Katie (Abbi Jackson) is supposed to be standing underneath Christmas lights in a Los Angeles backyard, staring into the eyes of her beloved boyfriend Jack on his surprise birthday. Instead, she’s fast-walking through the dark, littered streets of Skid Row, watching her brother Seth (Dave Franco) take a shit right next to her SUV. With her toddler niece Ella (Madeline Carel) strapped into the backseat, Katie wonders how much emotional gas she can spare trying to help her heroin-addicted brother before they both hit empty.
With the niche intimacy of a short film and the storytelling capacity of a full-length run-time, “6 Balloons” captures an unfiltered, compelling glimpse at white collar drug addiction. “6 Balloons'” is only occasionally deflated by its lack of focus and avant garde imagery. But even in the conundrum of having too much to say without enough time to say it, the movie still delivers a powerful message through the raw, uncompromising performances of its lead stars.
Through Katie, Abbi Jacobson delivers nuance and complexity true to being a confused, early 30’s Angeleno. This is an age where everyone’s lives have come together or are finally starting too, and all Katie wants is for her goals and relationships to be in perfect sync. Seth, though, is the omnipresent needle that constantly bursts Katie’s bubble. Not only is he addicted to drugs but he has a daughter of his own, his recurring relapses even more deadly since they put two people at risk.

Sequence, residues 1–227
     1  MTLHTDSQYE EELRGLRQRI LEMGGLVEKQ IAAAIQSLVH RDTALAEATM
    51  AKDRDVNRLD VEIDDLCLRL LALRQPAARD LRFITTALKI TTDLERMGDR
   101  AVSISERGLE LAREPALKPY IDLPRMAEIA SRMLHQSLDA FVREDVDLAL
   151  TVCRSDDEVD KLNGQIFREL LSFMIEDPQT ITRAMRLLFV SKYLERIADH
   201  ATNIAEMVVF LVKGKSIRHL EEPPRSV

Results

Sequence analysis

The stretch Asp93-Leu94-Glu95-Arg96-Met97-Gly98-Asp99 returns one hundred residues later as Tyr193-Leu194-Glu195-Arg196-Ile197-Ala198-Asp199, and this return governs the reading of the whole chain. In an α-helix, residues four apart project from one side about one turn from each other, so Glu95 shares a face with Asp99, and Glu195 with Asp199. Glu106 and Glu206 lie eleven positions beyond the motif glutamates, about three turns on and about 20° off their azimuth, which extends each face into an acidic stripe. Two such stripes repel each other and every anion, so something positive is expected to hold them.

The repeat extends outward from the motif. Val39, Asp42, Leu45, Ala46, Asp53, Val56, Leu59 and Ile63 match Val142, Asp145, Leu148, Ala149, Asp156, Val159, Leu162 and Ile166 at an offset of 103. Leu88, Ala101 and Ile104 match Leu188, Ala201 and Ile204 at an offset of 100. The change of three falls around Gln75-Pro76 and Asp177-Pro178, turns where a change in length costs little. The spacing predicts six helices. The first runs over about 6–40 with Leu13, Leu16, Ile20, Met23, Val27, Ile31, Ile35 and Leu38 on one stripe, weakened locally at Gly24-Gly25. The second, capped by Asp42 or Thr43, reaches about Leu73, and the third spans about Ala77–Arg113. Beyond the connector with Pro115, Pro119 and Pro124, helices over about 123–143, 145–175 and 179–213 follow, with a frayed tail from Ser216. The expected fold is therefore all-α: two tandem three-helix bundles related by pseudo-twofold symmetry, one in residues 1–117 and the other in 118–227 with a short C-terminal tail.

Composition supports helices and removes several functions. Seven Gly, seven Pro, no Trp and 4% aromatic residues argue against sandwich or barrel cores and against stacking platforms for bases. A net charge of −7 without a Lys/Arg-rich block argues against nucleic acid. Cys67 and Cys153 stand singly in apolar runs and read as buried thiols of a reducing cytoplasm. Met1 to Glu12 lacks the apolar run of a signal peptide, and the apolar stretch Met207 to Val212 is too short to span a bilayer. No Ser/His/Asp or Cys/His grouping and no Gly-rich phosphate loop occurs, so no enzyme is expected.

Dave Franco initially seems like an odd choice to take on the role of a down-and-out drug abuser, but he captures the eccentricity and anguish of someone whose emotional spectrum is on a constant elevator ride between the highs and lows of heroin. The fact that you wouldn’t immediately look at the loose, easygoing Franco and think of him as one to abuse drugs makes his Seth all the more gripping.
As Katie drives Seth towards recovery, we’re greeted with juxtaposing images of wealthy and impoverished Los Angeles. Seth even comments that one recovery center looks like a crack house, but ironically he doesn’t have the money to afford to be treated there. Seth’s condition feels less like a tragedy and more of a continuing annoyance for his seemingly upper class family, a problem that will solve itself if they look the other way long enough.
The class divisions of drug abuse is a provoking theme, but “6 Balloons” pushes it a bit too far when Katie and Seth venture to Skid Row. Known as an untamed area for the homeless, the whole sequence feels a bit contrived. It’s true that even though Seth would be one to hang out in other parts of LA, drug abuse doesn’t discriminate, and neither do the people who buy or sell. Still, the sequence feels like it was just set in Skid Row just to absorb some of its bad reputation, but it makes the film feel more artificial than raw.
Even with occasional hiccups, writer and director Marja-Lewis Ryan still delivers a story that feels intimate and familiar. “6 Balloons” has the abuse overtones of “Trainspotting,” the hopeless aimlessness of “Midnight Cowboy,” and beautifully orchestrated, sun-glistened shots that are reminiscent of “The Tree of Life.” We start with empathy for Katie and frustration for Seth, but by the drenching end, Ryan makes us wonder which character deserves more.